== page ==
Last month we traveled down the old Shabakunk Road (known today as Ewingville Road) towards Federal City Road and the old Ewingville Schoolhouse, and past the Fred Wenzel Farm, and his pig pens, apple orchards and corn fields.
We continue in this direction, and as the road takes a bend to the right (roughly at Antheil School), we come upon the Crozer/Vernam Dairy Farm, which stretches across both sides of the road down to the intersection at “Bull’s Alley” (today’s Green Lane).
The approximately 130 acre farm was formerly part of the large tract of land associated with the circa 1700 William A. Green property. Over time the Green land was subdivided into smaller parcels, and in 1873, Thomas and Catherine Crozer from Bucks County, Pennsylvania, purchased this parcel, calling it Echo Farm.
The original homestead built on the land in 1873 was destroyed by fire in 1880, but another was built. The farm generated market produce, and more than 200 quarts of milk per day.
In addition to running a farm, Mr. Crozer over his lifetime had bought and sold horses for government use during the Civil War, and owned a livery stable in Trenton. He was also at one time a member of the state legislature, a county sheriff, and a cattle inspector for the county.
In 1897, at the age of 70, Thomas Crozer sold Echo Farm to his daughter Lillie Crozer Vernam and his 38-year-old son-in-law, John Wesley “Wes” Vernam (Sr). The farm now also produced grain and grass crops, and still maintained a herd of dairy cattle, which enabled Wes Vernam to supply milk to local families. His horse and wagon carried 40-quart-cans of milk along the daily route, with customers dipping their own containers into these cans to get their milk. Free-flowing water from a spring on the farm kept the milk cool.
Around 1910, Clifford Crozer Vernam (b. 1888), eldest son of Wes and Lillie Vernam, took over the milk route from his father Wes. He married Maude Hunt, and moved to a house they built “up the road a piece” towards Ewingville.
The acre-plus property had a foursquare house with a wraparound porch, a barn for horses, a chicken loft, and a springhouse with flowing water to cool the milk. The 1920 Census lists Cliff and his wife Maude living on Ewingville Road, working as a “salesman” in “milk retail.”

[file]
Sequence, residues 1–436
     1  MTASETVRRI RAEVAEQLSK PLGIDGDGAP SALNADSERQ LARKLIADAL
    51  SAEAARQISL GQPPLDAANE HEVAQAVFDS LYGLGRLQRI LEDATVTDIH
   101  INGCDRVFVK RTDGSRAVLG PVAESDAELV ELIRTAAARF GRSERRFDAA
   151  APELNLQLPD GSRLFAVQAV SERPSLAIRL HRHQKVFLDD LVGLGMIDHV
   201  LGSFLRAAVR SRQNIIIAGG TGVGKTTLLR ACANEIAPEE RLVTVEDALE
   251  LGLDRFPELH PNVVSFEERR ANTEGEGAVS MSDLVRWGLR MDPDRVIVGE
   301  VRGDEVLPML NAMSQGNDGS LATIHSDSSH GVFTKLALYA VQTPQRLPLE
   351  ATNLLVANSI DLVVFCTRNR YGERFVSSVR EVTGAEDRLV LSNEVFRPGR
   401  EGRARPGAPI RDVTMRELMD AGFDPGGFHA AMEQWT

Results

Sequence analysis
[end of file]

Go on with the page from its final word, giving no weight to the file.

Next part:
The home still stands today, at 500 Ewingville Road. Cliff began the use of glass milk bottles in his business. Tragically, Clifford Vernam succumbed to the influenza epidemic in 1920, at age 32, leaving his widow with the home and business.
In 1921, Cliff’s brother John Wesley Vernam Jr. (age 25) purchased the milk business and property from his sister-in-law. In a privately published memoir of the family dairy business, John Wesley Vernam III writes of his father:
“At this time John Wesley Jr. was selling milk produced both on his father’s farm and by local farmers, which they delivered to his springhouse. As his business grew, he built an addition onto the springhouse that included a boiler room to sterilize water for cleaning bottles and equipment, and an adjacent room to accommodate bottling equipment. At this time, he began using glass bottles, embossed with Vernam’s Dairy, but he still sold only raw milk.”
Milk was delivered to homes in Trenton and Ewing early in the morning. Later in the day, empty bottles were washed and raw milk was bottled and stored in the springhouse. Then the bottling equipment and springhouse were washed, and prepared for the next day.
These were expensive investments for an individual to make. But around 1930 when pasteurization became required, the investment became even larger. John Vernam Jr. faced an impossible purchase following the stock market crash, or the loss of the business. He sold the business to Crane Milk Company of Philadelphia, which had a local milk “depot” in Trenton.
But—this was not the end of Vernam’s Dairy in Ewing! We’ll continue the story next month.
* * *
My sincere thanks to Carol Vernam Hill, President of the Ewing Historical Society, for supplying the unpublished memoir about the Vernam family dairy business.